I is for… Images

In pagan practice, the use of images is common, recommended, sometimes even mandatory. It’s a big difference from my Quaker background – in which there are no images used in worship, and often very few in the whole Meeting House. In Buddhism, the images vary between the traditions; in Tibetan traditions, there are usually many, while the Zen tradition of Thich Nhat Hahn (with whom I spent a retreat recently) uses very few – they are allowed, but not needed.

Images, though, especially images of Goddesses, are one of the things which drew me to Paganism. (Not to Druidry – where they are allowed but do not especially abound – but to Wiccan and Celtic Neo-Paganism more generally.) Goddess worship usually uses either an image or a symbol for the Goddess, and I find that very attractive. I can, now, visualise my Goddesses when I wish to, but when I started out, symbols were very important to me.

I began with images which simply represented the deities in whom I was interested – a horse for Epona, a seal for Sedna. I began to collect more specific images – cheap reproductions of Bast were most easily found, and now I own several. Eventually I began to be able to afford modern, well-made, purpose-made images – I vividly remember the day in Glastonbury when I bought a Dryad Design Seated Goddess. She is on my altar still.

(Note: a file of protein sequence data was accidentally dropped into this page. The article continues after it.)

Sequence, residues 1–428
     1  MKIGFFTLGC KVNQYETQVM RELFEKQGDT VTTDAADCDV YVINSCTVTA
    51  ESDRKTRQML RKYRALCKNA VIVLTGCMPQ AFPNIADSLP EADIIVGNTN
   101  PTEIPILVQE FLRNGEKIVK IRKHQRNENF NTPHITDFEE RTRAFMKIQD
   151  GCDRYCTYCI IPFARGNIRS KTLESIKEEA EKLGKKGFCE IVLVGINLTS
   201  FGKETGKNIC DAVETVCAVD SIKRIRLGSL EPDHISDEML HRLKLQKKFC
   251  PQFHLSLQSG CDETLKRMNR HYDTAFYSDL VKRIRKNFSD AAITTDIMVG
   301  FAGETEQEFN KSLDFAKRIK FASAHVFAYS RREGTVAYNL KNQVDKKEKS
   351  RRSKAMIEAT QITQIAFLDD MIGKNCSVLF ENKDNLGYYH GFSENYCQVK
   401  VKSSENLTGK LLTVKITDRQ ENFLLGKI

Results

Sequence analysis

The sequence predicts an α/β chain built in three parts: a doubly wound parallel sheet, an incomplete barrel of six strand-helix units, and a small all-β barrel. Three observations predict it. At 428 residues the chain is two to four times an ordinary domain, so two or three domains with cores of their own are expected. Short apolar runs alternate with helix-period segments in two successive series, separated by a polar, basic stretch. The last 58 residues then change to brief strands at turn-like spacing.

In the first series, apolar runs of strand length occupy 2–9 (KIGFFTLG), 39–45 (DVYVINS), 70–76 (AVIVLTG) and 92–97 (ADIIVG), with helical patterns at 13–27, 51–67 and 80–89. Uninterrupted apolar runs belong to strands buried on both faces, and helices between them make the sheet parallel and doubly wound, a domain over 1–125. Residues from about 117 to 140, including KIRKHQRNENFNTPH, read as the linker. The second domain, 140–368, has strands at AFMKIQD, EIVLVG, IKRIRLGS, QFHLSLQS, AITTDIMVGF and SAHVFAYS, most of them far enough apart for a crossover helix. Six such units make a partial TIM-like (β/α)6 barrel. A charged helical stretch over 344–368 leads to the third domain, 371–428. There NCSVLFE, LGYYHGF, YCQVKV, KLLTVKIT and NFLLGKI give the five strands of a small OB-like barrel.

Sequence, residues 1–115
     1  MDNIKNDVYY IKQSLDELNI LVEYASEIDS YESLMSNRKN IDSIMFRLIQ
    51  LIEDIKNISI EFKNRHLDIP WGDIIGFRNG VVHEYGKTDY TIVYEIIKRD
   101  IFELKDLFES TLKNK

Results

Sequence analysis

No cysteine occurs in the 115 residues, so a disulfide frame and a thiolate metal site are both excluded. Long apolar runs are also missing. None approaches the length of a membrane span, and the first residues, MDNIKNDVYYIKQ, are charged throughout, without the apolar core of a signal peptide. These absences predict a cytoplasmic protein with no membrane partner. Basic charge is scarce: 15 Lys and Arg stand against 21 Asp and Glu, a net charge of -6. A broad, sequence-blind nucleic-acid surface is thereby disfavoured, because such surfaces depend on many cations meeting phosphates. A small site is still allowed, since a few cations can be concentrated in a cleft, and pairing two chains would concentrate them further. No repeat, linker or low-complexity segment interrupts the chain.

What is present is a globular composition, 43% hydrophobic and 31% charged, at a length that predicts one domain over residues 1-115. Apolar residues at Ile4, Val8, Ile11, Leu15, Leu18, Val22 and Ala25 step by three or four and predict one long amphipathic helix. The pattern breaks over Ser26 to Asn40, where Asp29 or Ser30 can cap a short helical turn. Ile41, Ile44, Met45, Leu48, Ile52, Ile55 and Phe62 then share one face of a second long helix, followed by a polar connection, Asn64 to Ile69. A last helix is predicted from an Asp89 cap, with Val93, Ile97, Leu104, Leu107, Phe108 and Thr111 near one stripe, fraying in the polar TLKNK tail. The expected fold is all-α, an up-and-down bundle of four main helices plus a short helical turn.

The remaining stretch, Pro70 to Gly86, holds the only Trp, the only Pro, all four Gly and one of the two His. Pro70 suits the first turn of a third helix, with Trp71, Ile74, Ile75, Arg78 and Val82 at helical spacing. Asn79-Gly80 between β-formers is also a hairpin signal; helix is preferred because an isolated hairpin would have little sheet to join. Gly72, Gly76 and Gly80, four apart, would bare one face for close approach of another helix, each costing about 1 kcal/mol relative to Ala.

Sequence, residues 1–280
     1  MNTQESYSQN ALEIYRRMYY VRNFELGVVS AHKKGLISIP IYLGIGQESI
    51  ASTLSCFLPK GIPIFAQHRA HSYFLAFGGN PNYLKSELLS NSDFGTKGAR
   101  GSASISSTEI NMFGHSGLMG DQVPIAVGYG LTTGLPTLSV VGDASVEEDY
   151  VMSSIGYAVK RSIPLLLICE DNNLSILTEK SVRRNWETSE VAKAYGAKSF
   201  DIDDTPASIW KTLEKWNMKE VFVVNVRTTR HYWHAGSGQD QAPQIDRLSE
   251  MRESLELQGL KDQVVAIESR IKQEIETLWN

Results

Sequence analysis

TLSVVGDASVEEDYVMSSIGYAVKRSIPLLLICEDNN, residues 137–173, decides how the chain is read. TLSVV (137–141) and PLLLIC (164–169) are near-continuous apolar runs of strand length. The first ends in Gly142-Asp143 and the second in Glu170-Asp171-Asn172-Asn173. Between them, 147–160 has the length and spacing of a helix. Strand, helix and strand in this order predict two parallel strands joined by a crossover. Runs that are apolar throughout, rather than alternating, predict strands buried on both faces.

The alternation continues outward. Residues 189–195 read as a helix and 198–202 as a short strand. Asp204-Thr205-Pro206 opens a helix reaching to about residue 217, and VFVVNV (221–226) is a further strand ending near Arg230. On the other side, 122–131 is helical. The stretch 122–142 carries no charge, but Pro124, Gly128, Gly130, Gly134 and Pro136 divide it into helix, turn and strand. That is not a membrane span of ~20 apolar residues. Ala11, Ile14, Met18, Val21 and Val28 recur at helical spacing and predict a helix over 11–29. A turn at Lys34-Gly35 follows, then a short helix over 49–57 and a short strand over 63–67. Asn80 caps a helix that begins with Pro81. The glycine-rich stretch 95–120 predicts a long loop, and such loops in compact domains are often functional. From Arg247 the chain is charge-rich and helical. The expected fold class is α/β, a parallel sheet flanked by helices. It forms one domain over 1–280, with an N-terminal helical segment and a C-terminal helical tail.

Why images, though? Flat images are beautiful, attract the eye, and help me to switch out of the wordy, thinky mode in which I usually work. Statues are all that and more; they add a sensual aspect, something which can be touched and held, something which can be lovingly dusted or washed, arranged on an altar and presented with offerings. Of course, I can also wash my dishes as if I’m bathing a baby Buddha – and in many ways, I think the two have the same spiritual virtues – but sometimes you need something shiny to attract the monkey mind and encourage you to enjoy your practice (a key part of actually getting on and practicing said practice!). For me, images of Goddesses and Gods are an important part of that.

Advertisements

Leave a Reply

Fill in your details below or click an icon to log in:

WordPress.com Logo

You are commenting using your WordPress.com account. Log Out / Change )

Twitter picture

You are commenting using your Twitter account. Log Out / Change )

Facebook photo

You are commenting using your Facebook account. Log Out / Change )

Google+ photo

You are commenting using your Google+ account. Log Out / Change )

Connecting to %s